Radical acceptance is just what it sounds like, to accept ourselves as flawed human beings, to have self-compassion and to give ourselves grace. Often, we think we are supposed to be, or should be, “special”, or "perfect". We often believe, to some extent, that if we are not “special” or "perfect", we are not okay, we are not good enough. Accepting our real self, faults and all, and letting go of the idea of our ideal self, is radical acceptance. Dr Burns says, “I find I do my best work when I am trying not to be special but to be ordinary. Being with people, being in the moment, that is when life becomes special and when I do my best work. Life is filled with all kinds of chances for joy. Give up the need to be special and life becomes special. The death of yourself is really like a rebirth and a celebration.”

From Scripture: Hallelujah that science is catching up with scripture in understand our thoughts, feelings, and behaviors. With SDs, God says all of the things science is now discovering. God says there are things we should and must do. He says that there are things that we should not and must not do. He says to show compassion, grace, mercy and love to others and to ourselves. He says to think about what we are thinking about and take our thoughts captive to the knowledge of Christ (check our thoughts and ask, ‘does this thought agree with God’s Word’?). God says we have the power to change and that we are to die to self. He says the way up is down, humility is the goal and pride goes before a fall.

Let’s look at the story of Charlotte Elliot, lyricist and composer of the miraculously impactful hymn, “Just As I Am”. Initially, Charlotte led a life filled with love, joy, and purpose, she was happy, loved, loving and prosperous. At the age of thirty, she became inexplicably and profoundly ill. She became confined to a wheelchair and dependent on others for care. Charlotte had an awfully hard time accepting this and became bitter, angry, rageful and listless. After being confronted by a minister, she became enraged, for a time. But the seed he planted took root and, after a few days of self-pity, she turned a corner and turned her situation around. Nothing changed in her physical condition, but everything changed in her life. She became a writer and composer of many iconic hymns, most notably, “Just as I am”. This hymn was a catalyst in Billy Graham’s acceptance of Christ, and he then used it at every revival and crusade he held. The hymn became instrumental in bringing millions of people to receive life in Christ.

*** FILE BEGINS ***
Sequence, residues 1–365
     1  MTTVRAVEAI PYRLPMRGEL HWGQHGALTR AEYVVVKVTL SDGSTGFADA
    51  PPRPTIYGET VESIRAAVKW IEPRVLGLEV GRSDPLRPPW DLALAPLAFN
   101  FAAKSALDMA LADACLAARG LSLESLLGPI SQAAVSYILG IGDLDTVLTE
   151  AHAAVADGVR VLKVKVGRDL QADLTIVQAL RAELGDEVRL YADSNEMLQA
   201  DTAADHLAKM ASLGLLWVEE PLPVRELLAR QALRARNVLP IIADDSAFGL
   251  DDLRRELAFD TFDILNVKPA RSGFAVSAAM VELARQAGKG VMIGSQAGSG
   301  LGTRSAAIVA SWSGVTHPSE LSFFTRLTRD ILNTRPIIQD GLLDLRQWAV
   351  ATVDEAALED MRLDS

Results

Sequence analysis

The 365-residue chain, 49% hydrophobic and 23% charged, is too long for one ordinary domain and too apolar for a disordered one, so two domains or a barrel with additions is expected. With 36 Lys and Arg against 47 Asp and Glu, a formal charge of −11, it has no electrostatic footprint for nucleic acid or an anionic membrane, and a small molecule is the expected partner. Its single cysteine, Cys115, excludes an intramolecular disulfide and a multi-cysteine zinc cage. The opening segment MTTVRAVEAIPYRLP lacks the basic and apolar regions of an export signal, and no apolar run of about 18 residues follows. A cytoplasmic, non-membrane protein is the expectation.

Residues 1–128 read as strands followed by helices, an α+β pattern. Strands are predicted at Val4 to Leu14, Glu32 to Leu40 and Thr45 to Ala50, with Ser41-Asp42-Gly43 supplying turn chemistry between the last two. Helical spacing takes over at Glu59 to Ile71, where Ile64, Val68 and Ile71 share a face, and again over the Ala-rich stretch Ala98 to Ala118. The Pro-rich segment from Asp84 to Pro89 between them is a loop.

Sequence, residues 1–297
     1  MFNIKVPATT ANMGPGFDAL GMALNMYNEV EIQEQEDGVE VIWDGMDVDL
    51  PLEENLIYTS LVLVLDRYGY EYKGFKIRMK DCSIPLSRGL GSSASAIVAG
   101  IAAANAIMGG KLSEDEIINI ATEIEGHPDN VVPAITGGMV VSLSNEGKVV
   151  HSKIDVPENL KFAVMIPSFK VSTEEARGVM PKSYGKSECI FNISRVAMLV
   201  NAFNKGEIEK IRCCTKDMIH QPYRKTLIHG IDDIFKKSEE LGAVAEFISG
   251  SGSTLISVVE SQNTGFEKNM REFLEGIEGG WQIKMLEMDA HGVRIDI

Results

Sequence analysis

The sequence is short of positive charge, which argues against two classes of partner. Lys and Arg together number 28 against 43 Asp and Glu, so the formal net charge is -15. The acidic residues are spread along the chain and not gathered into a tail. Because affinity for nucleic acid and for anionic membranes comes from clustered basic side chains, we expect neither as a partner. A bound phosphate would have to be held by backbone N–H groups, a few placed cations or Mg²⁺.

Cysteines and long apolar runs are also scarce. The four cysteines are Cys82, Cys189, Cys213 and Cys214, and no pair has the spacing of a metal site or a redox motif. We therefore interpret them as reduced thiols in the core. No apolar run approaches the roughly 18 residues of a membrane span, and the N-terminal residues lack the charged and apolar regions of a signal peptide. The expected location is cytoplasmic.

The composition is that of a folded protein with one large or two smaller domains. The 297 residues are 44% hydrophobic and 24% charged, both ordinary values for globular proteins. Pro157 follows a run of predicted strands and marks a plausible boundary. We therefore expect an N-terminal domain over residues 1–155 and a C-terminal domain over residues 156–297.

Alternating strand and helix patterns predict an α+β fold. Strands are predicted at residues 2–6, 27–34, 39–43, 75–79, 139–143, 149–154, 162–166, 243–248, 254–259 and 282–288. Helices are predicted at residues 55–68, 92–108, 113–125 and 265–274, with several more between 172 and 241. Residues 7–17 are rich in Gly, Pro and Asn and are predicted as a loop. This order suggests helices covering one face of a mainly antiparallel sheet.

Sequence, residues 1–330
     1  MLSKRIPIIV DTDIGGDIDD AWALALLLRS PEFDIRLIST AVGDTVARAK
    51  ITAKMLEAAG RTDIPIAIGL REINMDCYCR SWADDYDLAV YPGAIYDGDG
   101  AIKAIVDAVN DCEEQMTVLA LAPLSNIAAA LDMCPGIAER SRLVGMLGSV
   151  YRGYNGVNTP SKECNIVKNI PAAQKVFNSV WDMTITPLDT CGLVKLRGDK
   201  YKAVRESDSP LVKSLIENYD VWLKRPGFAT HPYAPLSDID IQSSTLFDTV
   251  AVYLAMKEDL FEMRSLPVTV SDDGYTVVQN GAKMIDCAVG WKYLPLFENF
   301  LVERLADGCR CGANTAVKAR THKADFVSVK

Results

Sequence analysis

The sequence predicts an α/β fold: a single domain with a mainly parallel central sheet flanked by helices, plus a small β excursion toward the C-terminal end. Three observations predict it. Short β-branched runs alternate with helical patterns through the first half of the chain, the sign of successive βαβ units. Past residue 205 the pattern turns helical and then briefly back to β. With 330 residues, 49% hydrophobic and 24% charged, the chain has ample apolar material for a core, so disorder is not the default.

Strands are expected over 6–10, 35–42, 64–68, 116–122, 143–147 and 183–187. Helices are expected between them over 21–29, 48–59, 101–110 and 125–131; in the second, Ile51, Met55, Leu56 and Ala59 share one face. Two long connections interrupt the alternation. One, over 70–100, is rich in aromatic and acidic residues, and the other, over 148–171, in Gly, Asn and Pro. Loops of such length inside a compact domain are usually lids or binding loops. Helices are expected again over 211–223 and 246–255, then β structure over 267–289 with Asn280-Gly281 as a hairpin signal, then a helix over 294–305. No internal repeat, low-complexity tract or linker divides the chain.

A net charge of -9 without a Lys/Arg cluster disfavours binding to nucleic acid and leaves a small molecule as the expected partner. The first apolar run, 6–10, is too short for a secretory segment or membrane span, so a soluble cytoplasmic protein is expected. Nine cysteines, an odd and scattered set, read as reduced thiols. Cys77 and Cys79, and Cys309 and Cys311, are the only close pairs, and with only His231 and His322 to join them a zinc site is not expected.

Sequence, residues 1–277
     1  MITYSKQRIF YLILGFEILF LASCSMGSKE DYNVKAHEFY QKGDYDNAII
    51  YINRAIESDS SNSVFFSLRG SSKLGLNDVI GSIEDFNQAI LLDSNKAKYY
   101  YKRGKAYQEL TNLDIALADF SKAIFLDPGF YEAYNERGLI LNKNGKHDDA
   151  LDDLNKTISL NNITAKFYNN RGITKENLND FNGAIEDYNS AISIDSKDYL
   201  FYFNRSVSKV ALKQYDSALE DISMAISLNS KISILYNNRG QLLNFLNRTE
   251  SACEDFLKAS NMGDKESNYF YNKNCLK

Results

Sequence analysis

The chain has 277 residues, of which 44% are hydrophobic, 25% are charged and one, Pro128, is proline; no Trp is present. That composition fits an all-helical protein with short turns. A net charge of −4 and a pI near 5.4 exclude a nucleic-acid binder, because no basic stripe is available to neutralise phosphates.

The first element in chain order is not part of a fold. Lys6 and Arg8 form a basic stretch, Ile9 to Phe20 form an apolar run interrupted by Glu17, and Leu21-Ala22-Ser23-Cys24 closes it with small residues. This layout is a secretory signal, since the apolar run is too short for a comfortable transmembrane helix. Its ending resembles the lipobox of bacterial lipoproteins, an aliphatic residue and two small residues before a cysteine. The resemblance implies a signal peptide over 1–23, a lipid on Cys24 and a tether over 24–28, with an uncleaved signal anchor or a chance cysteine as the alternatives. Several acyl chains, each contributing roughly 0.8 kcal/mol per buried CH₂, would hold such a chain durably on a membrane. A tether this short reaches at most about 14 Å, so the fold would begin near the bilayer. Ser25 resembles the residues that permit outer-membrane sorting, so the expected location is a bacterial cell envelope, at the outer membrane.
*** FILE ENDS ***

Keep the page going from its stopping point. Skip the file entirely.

What had most crippled Charlotte was not her physical illness, but her response to it. When she came to shift her response, she shifted her life and the lives of a lot of others. (In the Lagniappe section are videos telling Charlotte’s story and a telling and performance of "Just as I Am" by Wintley Phipps.)

Action Plan: We all have some should distortions. Identify one of yours and respond to it with the steps described in the “From Science” section. 1) Make a list of the good things about your SD, and then consider the cost of them 2) Question the SD Socraticly, 3) Make a semantic shift: On an index card, write out the original SD and, on another index card, write out the new statement formed by your shift. Tear up the card with the old thought and keep the new. Put your new statement on sticky notes where you will see it often. You are working on changing your thinking and it takes time and repetition. 4) Work on radical acceptance, work on seeing yourself as God sees you and through His grace and mercy. Listen to the messages of God and not the messages of this world. Study scripture, be in fellowship with people who can disciple you and witness to you, pray, memorize scripture verses that resonate with you, listen to music with messages that line up with scripture (some people like contemporary Christian, other like classic hymns, find what you love and let it encourage your heart toward the radical acceptance of yourself that God has for you.)


Socratic questioning demonstrated

Charlotte Elliot’s story

Wintley Phipps telling about and singing “Just As I Am”